When the leaders of the world's wealthiest nations meet at the G-8
summit in Italy next week, one topic on their agenda will be the fight
against poverty in Africa. The G-8 nations have provided development
assistance to African countries in recent years, but some aid groups
are calling for the world's leaders to do more.
The annual G-8 summit brings together the leaders of the eight most powerful nations in the world. It is a chance for leaders to discuss solutions to global problems. Aid groups are hopeful the G-8 leaders this year will decide to increase development aid to Africa.
Meredith Alexander is with the anti-poverty group Action Aid in London. She says the G-8 has the opportunity to help struggling African nations.
"Action aid expects that roughly $50 billion will be lost for Africa this year as a result of the recession," said Alexander. "Then things like climate change, the growing crisis of hunger, older issues like AIDS and education. All of these things are problems for Africa, and it's great to see the G-8 taking these issues seriously."
Action Aid hopes African agriculture will be one area that will receive an increase of aid from the G-8. Alexander says helping small holder farmers in Africa could reduce hunger. But she says the G-8 has a history of making empty promises.
"We think the G-8 leaders should really be putting their money where their mouth is and that responsibility is first and foremost to the host, Italy," she said.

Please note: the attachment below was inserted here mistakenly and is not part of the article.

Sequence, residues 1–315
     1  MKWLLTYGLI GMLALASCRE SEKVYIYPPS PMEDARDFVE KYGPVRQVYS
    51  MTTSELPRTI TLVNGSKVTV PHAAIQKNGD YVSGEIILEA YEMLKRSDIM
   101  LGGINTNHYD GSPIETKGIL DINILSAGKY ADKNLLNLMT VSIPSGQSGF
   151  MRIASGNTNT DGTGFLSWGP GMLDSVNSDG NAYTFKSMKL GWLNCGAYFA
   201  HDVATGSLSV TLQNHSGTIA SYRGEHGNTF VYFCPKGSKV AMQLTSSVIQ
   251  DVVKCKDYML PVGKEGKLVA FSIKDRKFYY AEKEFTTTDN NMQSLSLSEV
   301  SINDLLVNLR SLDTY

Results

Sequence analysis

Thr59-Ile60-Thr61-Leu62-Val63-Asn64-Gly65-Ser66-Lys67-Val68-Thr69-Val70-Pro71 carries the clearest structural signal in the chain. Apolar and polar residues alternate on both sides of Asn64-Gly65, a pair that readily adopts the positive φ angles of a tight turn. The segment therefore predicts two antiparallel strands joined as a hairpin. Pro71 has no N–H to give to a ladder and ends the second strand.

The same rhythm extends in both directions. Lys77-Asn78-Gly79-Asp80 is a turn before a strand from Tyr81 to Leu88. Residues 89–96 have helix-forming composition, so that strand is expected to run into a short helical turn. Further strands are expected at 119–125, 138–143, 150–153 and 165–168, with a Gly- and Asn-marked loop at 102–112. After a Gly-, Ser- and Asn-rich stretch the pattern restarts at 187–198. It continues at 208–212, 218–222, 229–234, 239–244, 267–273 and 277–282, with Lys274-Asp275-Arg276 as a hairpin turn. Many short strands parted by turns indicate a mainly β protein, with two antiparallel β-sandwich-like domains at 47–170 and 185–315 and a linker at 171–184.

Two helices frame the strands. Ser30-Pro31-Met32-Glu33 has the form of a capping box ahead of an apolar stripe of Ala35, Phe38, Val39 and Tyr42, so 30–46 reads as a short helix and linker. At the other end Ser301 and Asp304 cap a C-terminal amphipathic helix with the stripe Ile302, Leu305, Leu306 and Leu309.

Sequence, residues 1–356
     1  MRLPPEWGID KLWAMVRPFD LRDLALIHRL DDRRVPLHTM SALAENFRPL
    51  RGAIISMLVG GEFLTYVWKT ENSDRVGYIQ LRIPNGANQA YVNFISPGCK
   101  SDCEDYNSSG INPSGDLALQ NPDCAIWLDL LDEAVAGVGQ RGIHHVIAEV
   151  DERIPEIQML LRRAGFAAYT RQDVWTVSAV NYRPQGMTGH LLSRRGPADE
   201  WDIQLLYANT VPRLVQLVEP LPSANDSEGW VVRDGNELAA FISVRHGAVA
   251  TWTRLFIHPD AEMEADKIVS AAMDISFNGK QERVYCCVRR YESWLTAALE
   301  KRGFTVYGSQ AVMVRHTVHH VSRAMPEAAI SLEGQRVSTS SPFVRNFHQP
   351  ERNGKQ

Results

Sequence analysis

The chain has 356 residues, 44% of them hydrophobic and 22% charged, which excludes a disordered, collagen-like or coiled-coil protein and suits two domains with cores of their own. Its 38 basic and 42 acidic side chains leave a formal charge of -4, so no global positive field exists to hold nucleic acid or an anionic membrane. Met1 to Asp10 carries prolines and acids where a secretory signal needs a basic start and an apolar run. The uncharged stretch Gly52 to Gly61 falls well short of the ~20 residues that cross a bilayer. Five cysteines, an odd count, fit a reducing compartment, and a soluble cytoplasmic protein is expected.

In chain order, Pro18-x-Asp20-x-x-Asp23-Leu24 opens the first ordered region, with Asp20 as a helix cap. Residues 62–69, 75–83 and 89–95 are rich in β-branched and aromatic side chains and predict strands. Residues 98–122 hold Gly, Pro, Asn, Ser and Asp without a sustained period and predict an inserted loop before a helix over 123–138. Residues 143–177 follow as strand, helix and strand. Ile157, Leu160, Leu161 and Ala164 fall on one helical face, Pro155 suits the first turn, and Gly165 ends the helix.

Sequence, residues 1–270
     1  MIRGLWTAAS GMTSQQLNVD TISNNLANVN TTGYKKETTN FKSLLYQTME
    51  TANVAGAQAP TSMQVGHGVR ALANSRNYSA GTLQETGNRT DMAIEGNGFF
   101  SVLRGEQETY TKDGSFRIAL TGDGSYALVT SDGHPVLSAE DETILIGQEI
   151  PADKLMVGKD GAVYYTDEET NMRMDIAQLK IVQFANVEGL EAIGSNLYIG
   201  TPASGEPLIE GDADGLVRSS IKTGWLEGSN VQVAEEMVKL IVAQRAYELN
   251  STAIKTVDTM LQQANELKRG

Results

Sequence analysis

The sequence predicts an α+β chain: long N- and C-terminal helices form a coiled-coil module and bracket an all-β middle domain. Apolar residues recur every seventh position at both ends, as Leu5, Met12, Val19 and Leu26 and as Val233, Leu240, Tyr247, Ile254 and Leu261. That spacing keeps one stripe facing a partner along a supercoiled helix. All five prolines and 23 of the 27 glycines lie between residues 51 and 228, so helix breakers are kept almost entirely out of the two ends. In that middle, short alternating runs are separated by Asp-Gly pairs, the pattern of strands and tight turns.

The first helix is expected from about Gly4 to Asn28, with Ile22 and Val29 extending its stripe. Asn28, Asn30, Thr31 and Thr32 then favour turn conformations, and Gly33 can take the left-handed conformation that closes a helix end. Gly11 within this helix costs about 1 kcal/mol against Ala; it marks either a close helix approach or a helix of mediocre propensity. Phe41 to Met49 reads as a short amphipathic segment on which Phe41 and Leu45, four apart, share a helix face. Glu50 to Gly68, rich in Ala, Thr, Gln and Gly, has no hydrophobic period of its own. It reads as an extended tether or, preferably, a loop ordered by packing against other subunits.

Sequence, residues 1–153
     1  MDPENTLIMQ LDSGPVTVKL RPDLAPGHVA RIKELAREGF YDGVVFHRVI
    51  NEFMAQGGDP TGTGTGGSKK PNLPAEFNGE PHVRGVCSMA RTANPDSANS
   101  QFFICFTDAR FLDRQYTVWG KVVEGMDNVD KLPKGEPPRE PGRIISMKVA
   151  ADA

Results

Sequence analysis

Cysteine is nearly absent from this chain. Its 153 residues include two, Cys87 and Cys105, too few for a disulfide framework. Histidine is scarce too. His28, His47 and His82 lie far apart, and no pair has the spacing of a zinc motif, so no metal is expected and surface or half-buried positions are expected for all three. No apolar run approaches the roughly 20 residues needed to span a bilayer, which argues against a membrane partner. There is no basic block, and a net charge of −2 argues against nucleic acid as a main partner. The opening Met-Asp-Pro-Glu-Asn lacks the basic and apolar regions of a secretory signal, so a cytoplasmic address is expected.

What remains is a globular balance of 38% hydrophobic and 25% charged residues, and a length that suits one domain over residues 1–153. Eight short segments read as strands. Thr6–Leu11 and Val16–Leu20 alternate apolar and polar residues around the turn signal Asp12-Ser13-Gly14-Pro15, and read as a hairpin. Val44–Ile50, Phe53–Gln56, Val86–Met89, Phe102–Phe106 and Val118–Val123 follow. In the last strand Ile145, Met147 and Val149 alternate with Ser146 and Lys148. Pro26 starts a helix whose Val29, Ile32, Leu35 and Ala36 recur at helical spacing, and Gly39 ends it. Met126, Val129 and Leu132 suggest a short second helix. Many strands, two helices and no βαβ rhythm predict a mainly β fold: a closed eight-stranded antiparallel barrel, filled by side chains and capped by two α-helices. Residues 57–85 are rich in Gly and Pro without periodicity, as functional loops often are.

But a recent report released by the international aid organization One, says the upcoming summit host, Italy, is not pulling its weight.
The group says Italian Prime Minister Silvio Berlusconi has "utterly failed" to maintain the assistance to Africa promised at a summit in 2005.
"You want a chair that will really hold people's feet to the fire and make sure promises are kept, and he's not in a credible position to do that at the moment," said Europe Director, Oliver Buston.
The group says it is hopeful other foreign leaders will put pressure on Italy to reverse its spending cuts and do more to develop African agriculture.
"It's a basic thing about keeping promises," said Buston. "We know when this aid money is used effectively it can achieve great results. These G-8 countries have made promises to the poorest people on the planet. They've got to keep them."
One says African countries have only received one third of the aid promised by the G-8 in 2005. But it and other advocacy groups hope leaders at this year's summit will be aware of the need to do more.